The best month to hold a village fair, surely, is June. Across the country thousands of local fetes are scheduled for a Saturday in June, hopeful that glorious weather will lead to a memorable celebration. Some Saturdays, some years, that works. The sun comes out, the community comes together and everything runs to plan. Other years, alas, the weather conspires against. Saturday 15th June 2013 was one of those.
They've held a fair in Highgate for hundreds of years. This was 1744.
“This is to give notice, that Highgate's Fair will be kept on Wednesday, Thursday and Friday next, in a pleasant walk in the middle of the town. On Wednesday a pig will be turned loose, and he who takes it by the tail and throws it over his head shall have it.”
These days the fair takes place in Pond Square, round the back of the High Street. This open space is surrounded by million pound houses, in a cosy Georgian cottage kind of style. At other times of year the residents consider gating their communal green to keep the yobs out. On the third Saturday in June they fling out a wide welcome to 100s of stalls and community groups and throw the party of the year. And it's a good 'un.
This being Highgate, the stalls at The Fair In The Square have a somewhat upmarket feel. Artists with £60 prints of watercolours, designer jewellers shivering in the cold, ladies selling multicoloured togs for toddlers, that sort of thing. But yesterday there was also a coconut shy and a vintage carousel, a Punch & Judy and a bloke shearing sheep. New for 2013 a land train chugged down the street to the church and back, seemingly driven by a thumbs-up clown, filled with small kids and dutiful parents. Even the hot dogs were inventively seasoned, and the griddled chicken came in a ciabatta roll with organic salad. They do village fetes well in Highgate Village, but they can't control the rain.
The weather was temperamental, frequently damp, as the afternoon progressed. Sensible locals turned up with brollies and waterproof jackets, whereas those who'd been here since the setting-up phase in the morning looked less well prepared. All the stalls had striped awnings offering protection to those doing the selling, whereas prospective purchasers weren't always so fortunate. But they trooped round all the same, chatting politely as the showers fell, and smiling broadly during rare spells of sunlight.
And then it proper poured. It probably did that too wherever you were too, somewhere around four o'clock, as a violent line of showers crossed the capital. The pavement bounced with raindrops, relentlessly, as umpteen umbrellas fired upwards. There was nowhere to run. The plane trees in the square offered vague shelter, but nothing substantial enough to make a difference. On the main stage the Leominster Morris Men carried on dancing as the watching crowd dwindled rapidly to a few hardy souls.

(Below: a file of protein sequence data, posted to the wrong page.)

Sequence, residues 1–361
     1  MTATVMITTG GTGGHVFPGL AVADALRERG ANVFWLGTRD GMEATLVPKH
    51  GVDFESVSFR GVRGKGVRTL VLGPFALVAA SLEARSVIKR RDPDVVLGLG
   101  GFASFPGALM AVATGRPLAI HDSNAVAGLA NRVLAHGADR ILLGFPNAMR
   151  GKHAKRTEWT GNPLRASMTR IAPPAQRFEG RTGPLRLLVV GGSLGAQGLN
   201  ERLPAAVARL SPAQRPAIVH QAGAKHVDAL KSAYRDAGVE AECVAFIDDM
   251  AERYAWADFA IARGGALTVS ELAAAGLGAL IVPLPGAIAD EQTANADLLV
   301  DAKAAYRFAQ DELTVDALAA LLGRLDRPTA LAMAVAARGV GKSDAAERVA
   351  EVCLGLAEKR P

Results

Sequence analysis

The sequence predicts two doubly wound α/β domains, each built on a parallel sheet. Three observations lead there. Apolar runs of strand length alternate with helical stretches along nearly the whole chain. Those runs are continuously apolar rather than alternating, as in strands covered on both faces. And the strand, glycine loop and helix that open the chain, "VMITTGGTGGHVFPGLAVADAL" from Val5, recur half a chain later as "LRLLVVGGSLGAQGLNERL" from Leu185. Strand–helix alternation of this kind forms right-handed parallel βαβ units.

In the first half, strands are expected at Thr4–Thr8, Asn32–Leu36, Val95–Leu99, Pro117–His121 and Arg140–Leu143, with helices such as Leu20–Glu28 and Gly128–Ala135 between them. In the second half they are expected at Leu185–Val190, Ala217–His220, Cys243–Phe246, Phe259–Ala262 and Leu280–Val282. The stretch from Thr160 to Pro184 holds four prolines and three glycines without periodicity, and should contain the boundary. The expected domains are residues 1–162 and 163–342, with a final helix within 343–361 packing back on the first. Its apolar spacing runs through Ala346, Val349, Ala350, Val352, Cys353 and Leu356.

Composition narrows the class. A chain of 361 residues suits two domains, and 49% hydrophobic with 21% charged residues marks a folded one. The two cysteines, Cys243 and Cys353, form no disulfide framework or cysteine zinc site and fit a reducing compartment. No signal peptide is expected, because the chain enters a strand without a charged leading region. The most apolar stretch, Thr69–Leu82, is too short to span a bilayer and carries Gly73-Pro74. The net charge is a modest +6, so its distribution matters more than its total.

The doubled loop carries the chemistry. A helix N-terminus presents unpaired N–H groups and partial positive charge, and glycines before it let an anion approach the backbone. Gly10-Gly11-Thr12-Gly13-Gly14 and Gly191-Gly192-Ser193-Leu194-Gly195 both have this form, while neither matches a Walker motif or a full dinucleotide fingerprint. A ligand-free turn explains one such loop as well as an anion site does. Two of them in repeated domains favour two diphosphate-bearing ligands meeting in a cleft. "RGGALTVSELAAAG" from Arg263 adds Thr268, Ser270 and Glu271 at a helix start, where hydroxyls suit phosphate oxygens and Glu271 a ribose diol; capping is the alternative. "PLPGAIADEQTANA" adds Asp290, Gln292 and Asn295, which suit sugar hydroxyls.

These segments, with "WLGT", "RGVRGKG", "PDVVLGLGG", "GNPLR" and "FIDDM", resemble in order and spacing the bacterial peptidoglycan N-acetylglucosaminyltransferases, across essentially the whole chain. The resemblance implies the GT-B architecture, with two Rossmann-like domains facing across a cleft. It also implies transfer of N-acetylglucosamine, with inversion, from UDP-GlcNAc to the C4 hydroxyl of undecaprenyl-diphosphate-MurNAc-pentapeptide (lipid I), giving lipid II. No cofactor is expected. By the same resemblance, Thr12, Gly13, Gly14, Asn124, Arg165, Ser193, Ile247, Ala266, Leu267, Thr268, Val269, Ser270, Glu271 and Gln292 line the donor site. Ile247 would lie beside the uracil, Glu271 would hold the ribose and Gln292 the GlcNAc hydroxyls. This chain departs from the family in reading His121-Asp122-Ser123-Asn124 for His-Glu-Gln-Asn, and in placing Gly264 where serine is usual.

One bonus, the queues at the Highgate Pantry cake stall died away and I managed to get to the front line. Unfortunately I had to wait for the lady next to me to be served, and she seemed to be buying an entire patisserie. Worse she still had her umbrella up, despite being under the shelter of the canopy, in that paranoid way some women have when their hairdo might possibly get damp. She wielded her weapon with total disregard, sometimes towards my face, at other times dangling raindrops above the entire range of cakes laid out across the stall. I survived her lengthy onslaught and ended up with a squidgy apple tart, quite delicious but at possibly mortgage-level prices.
And by then the rain had sort of died down, and the crowds sort of ebbed back. The Highgate Choral Society took their place on the main stage, and the Sheep Show kicked off down by St Michael's Church. But there didn't seem to be a lot of trading going on at the various stalls, and the village fete atmosphere hadn't quite survived. It could have been a glorious afternoon out, but 2013 conspired against.
* Legend has it that Pond Square is haunted by the ghost of a chicken. That'd be the world's first frozen chicken, which was the unwitting cause of death for Jacobean philosopher Francis Bacon. He was riding down Highgate Hill in a carriage discussing food preservation, as you do, and leapt out to prove a point by buying a chicken and stuffing it with snow. Unfortunately he caught hypothermia and died a few days later, hence the appearance of the phantom fowl over the ensuing centuries. Yeah right.
** Highgate's lovely, isn't it. And particularly Waterlow Park. I'd never visited before, but this hillside green space is delightful. It was created from the grounds of five large houses, one of which survives as a historic cafe. There's enormous variety within its 26 acres, including three ponds, a nature reserve and a proper kitchen garden. Highgate Cemetery runs alongside, but this is much more open, and with views from the top of the Gherkin, Shard and St Paul's. It's the contours and mature trees that make Waterlow Park special, clearly landscaped by Victorian landowners not council planners. But perhaps best visited when the sun's out.
*** Did you not spot that The Fair In The Square was on? These one-off suburban events are damned hard to spot in a capital whose majorlistings focus relentlessly on Zone 1, ticketed events and food. Time Out didn't mention the Fair in their magazine, and buried its listing so deep in their database that a search didn't bring it up. There are other placesto look, thankfully, but I do despair at London's inability to curate a proper long-term list of "special stuff, across the capital, taking place for one day/weekend only". Today's the Marylebone Summer Fayre and Streatham Common Kite Day, by the way, if you're interested.